David Nilsen Called It

Back in 1992-1993, Game Designers’ Workshop (GDW) decided to update both the mechanics and the canonical Third Imperium setting for their science-fiction roleplaying game Traveller. They based the game mechanics for this new edition (Traveller: The New Era [TNE]) on the second-edition rules for their near-future/alternate history RPG Twilight: 2000. Meanwhile, they decisively (and divisively) WMD-ed the canonical Third Imperium, already wracked by civil war in MegaTraveller’s Rebellion setting, out of existence by having one Rebellion faction accidentally deploy a sentient computer Virus that an opposing faction had developed.

Obviously, in order to maintain the game’s fan base, GDW found it desirable to publish a game supplement to bridge the gap between MegaTraveller and TNE. GDW therefore published Survival Margin: Gateway to the New Era. This 104-page book described how to convert MegaTraveller characters to their TNE equivalents in exactly 7 pages. Two more pages were spent on the table of contents, while three pages updated previously-canon Library Data. Eleven more pages discussed how to run an RPG campaign in the TNE setting (including legacy characters from previous editions).

The vast majority of Survival Margin deals with three topics:

1. Pages 3-66 describe the decline and fall of the Third Imperium, as chronicled by the Traveller News Service. In particular, pages 65-66 document the spread of the above-mentioned Virus through communications channels.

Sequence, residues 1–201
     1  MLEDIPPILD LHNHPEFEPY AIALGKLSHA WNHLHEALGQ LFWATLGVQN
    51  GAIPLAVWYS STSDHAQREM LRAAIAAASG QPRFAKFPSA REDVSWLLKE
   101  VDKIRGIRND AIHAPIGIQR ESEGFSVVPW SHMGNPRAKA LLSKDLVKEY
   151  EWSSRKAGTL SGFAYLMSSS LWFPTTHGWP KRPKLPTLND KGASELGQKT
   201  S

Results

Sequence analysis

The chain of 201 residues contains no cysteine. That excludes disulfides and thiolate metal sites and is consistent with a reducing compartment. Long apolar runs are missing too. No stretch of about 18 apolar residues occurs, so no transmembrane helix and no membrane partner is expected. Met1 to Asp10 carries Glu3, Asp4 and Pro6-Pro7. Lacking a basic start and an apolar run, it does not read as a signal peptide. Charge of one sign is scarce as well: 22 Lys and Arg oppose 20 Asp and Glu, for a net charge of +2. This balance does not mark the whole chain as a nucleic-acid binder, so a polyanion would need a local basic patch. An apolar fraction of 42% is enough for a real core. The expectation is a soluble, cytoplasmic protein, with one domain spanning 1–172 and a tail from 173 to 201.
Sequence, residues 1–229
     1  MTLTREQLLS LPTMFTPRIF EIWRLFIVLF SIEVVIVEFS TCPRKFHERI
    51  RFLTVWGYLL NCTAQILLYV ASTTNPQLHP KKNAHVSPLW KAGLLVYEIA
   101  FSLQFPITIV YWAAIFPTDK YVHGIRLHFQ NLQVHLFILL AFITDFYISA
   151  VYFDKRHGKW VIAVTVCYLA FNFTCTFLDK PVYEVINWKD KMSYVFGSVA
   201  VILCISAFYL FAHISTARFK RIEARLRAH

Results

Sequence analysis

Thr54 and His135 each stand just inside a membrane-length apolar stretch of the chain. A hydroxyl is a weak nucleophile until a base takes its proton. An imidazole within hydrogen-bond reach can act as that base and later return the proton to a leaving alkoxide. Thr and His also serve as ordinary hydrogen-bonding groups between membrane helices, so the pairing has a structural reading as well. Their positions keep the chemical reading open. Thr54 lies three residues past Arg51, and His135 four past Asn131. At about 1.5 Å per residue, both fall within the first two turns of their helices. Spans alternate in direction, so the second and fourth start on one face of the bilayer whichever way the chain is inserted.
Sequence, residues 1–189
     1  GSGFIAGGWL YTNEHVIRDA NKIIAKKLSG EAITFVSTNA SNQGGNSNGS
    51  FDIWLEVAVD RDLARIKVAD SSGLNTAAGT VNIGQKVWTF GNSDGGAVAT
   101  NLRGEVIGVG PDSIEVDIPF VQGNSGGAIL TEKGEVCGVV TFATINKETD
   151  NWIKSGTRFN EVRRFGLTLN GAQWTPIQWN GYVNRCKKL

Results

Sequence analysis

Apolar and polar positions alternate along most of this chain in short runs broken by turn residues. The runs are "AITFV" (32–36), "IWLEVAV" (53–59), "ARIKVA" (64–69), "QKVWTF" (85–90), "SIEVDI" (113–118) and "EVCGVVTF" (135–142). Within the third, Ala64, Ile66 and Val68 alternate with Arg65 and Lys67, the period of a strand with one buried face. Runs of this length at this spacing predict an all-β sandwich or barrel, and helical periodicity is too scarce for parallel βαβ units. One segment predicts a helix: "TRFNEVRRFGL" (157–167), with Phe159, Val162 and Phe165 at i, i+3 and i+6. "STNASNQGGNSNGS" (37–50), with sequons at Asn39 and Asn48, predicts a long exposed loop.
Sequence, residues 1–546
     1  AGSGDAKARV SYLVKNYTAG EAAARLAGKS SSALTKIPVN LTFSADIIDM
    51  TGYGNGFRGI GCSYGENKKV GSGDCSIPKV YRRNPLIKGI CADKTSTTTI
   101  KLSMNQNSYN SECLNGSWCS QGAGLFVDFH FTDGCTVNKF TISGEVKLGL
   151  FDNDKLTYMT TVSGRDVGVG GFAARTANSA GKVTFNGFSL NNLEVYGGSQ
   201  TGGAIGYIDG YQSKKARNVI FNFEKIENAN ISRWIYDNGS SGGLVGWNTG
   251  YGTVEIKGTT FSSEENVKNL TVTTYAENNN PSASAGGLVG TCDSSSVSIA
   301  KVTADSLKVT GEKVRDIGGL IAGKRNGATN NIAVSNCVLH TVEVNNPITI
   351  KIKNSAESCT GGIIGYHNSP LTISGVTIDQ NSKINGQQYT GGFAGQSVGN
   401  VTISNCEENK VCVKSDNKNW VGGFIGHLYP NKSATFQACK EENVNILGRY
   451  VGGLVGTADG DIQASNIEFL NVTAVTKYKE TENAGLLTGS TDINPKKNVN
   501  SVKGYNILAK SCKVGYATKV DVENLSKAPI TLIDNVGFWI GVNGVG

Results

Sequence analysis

2. Pages 72-83 (“When Empires Fall, Part II”) describe the effects of Virus. As a bonus, this section includes character descriptions of two persons oft-mentioned in the first 66 pages.

3. A perceptive reader will note that this post has, until now, failed to account for pages 67-71 from Survival Margin. Crucially, these pages contain the supplement’s most important essay (“When Empires Fall, Part I”), as it answers this question: Why did the Third Imperium fall?

David Nilsen’s answer is that, at some time prior to the beginning of the Rebellion in Imperial Era Year 1116, the leaders of the Third Imperium had drifted away from the principle of Noblesse oblige. Instead, seeking to maximize their own power, at the expense of the common interest of the Third Imperium’s member worlds, they admitted that, as far as they were concerned, Noblesse n’oblige plus:

“My lord,” “my liege,” is not kowtowing; it is a social contract. But the Rebellion revealed the unpleasant reality that, by 1100 at least, the Imperium had entered the era of Noblesse n’oblige plus, “Nobility no longer obligates.”

As best I can tell, among the current creators of wealth, Noblesse oblige still exists. It is among the collectivists, both in politics and in academia, that Noblesse n’oblige plus seems to reign. Indeed, the collectivists seem eager to impose obligations on the creators of wealth, while claiming (as “compassion”) for themselves the credit for bestowing unearned benefits to those who are either unable or unwilling to create wealth.

This entry was posted in Economic Policy, Liberty, The Leviathan State and tagged . Bookmark the permalink.

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